Viral-mediated gene transfer to study the molecular physiology of the Mammalian inner ear

Audiol Neurootol. May-Jun 2002;7(3):157-60. doi: 10.1159/000058302.


Several classes of viral vectors including adenovirus, adeno-associated virus, herpes simplex virus, lentivirus and vaccinia virus have been reported to infect cells of the inner ears of mammals and may be useful for protein manipulation and therapeutic purposes. We have screened a few of these for use as vectors to mediate gene transfer into the sensory hair cells of organotypic cultures from the neonatal mouse cochlea and utricle. Recombinant, replication-deficient adenovirus has emerged as a useful vector for several reasons: ease of vector generation at high titer; efficient hair cell specific infection; robust expression of reporter genes and minimal toxicity. Previously, we characterized adenovirus infected hair cells using a vector that carried the gene for green fluorescent protein (GFP). We screened GFP-positive cells electrophysiologically and found that although hair cells survive adenoviral vector infection, their mechanosensitivity was compromised. Until recently this has limited the scope of adenovirus application to the problems of inner ear physiology and pathophysiology. However, a modified adenoviral vector, now available, has been reported to have reduced ototoxicity in vivo. The modifications include the deletion of the adenoviral genes E1, E3, the viral polymerase, and the preterminal protein. We are currently working to characterize viral-mediated gene transfer into hair cells of the cultured mouse utricle using this new modified adenoviral vector. We have found that hair cells infected with the modified vector have intact hair bundles and robust mechanotransduction.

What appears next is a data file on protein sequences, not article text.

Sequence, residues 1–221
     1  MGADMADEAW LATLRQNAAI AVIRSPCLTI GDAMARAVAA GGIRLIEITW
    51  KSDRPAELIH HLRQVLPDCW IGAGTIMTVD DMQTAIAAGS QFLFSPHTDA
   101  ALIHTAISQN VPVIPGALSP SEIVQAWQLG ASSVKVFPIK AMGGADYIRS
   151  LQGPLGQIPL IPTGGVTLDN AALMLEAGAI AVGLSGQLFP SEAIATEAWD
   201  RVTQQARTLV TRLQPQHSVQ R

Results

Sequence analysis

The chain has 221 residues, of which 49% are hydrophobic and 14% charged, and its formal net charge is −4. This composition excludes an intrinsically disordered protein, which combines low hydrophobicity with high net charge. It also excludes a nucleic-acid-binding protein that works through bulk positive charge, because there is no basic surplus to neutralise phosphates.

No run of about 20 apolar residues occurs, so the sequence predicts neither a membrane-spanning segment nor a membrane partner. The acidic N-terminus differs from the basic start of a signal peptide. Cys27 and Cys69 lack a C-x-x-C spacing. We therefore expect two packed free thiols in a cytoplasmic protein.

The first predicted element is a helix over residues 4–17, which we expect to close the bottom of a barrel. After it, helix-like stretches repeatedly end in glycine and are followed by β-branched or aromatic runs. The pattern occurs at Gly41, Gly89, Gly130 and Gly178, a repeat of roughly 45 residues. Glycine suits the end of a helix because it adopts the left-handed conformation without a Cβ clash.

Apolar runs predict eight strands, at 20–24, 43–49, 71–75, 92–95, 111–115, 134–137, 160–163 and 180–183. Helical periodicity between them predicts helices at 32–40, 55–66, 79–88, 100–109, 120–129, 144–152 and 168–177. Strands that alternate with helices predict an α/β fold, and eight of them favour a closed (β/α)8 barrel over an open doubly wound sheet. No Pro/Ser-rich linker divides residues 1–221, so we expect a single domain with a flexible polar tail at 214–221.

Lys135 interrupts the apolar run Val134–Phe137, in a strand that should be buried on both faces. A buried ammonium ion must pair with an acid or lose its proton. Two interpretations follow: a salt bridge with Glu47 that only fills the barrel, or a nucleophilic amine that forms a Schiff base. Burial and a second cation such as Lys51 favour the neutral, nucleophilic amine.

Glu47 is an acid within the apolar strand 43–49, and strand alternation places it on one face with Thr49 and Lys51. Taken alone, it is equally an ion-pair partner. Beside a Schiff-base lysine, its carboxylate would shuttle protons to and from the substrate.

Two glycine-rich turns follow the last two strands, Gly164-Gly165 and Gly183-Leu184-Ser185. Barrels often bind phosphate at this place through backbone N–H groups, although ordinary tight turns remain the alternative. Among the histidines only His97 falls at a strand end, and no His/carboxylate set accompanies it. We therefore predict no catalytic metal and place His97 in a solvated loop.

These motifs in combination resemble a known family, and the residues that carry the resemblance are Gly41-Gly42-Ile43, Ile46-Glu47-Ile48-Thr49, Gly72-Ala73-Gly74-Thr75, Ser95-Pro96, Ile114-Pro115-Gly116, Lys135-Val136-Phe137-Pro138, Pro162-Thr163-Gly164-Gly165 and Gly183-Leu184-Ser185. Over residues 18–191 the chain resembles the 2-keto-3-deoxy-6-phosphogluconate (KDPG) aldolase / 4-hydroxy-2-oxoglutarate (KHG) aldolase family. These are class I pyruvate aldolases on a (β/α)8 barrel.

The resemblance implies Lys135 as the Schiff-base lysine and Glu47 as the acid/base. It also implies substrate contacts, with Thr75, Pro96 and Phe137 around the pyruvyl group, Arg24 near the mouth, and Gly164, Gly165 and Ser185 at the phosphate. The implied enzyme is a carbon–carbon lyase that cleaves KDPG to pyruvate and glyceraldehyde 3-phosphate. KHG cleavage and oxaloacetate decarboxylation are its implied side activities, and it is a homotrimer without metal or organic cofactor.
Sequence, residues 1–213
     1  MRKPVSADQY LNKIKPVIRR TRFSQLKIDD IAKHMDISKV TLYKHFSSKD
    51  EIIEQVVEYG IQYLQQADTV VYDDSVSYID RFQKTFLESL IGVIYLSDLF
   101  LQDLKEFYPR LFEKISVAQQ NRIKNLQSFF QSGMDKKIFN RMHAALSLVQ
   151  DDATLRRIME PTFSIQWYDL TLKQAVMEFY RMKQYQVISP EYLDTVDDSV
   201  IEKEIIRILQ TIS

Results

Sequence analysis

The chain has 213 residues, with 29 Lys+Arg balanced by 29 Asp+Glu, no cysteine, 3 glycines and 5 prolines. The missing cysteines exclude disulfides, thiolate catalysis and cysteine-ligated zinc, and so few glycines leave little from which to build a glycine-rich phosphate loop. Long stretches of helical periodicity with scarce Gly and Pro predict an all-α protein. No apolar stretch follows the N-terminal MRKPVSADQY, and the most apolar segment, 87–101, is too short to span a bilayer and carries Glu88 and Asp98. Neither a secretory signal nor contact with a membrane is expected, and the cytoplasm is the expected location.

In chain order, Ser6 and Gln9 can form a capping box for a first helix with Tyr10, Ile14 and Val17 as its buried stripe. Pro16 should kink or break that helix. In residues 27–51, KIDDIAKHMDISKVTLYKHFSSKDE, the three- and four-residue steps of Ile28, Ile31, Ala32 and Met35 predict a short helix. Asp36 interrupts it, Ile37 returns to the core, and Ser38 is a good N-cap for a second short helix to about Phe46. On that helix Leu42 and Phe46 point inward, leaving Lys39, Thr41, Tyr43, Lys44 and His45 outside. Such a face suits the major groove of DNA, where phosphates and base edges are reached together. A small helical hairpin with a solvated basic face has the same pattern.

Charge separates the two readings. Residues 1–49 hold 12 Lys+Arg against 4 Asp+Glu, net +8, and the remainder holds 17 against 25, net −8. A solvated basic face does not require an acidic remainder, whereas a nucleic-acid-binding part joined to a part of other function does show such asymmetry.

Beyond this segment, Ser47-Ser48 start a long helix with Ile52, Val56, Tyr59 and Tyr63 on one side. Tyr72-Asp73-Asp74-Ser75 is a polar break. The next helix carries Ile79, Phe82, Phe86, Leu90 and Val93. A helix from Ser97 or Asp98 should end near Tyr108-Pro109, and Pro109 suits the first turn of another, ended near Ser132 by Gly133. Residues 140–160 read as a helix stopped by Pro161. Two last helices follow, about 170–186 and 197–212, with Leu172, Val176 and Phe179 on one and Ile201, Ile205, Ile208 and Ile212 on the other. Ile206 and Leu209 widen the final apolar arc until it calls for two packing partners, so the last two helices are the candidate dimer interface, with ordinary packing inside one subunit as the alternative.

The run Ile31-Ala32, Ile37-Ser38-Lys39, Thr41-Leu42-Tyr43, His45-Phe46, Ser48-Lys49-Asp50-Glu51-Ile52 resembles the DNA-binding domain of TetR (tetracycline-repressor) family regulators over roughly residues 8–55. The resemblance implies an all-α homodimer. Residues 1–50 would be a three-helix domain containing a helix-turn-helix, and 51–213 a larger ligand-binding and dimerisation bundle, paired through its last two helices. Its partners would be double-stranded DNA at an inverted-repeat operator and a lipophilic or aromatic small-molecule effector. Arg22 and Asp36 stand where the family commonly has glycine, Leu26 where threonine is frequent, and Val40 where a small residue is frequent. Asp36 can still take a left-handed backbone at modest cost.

Publication types

  • Research Support, U.S. Gov't, P.H.S.

MeSH terms

  • Adenoviridae / genetics*
  • Animals
  • Ear, Inner / ultrastructure
  • Ear, Inner / virology*
  • Gene Transfer Techniques / instrumentation*
  • Genetic Vectors / genetics
  • Mammals
  • Viral Proteins / genetics*


  • Viral Proteins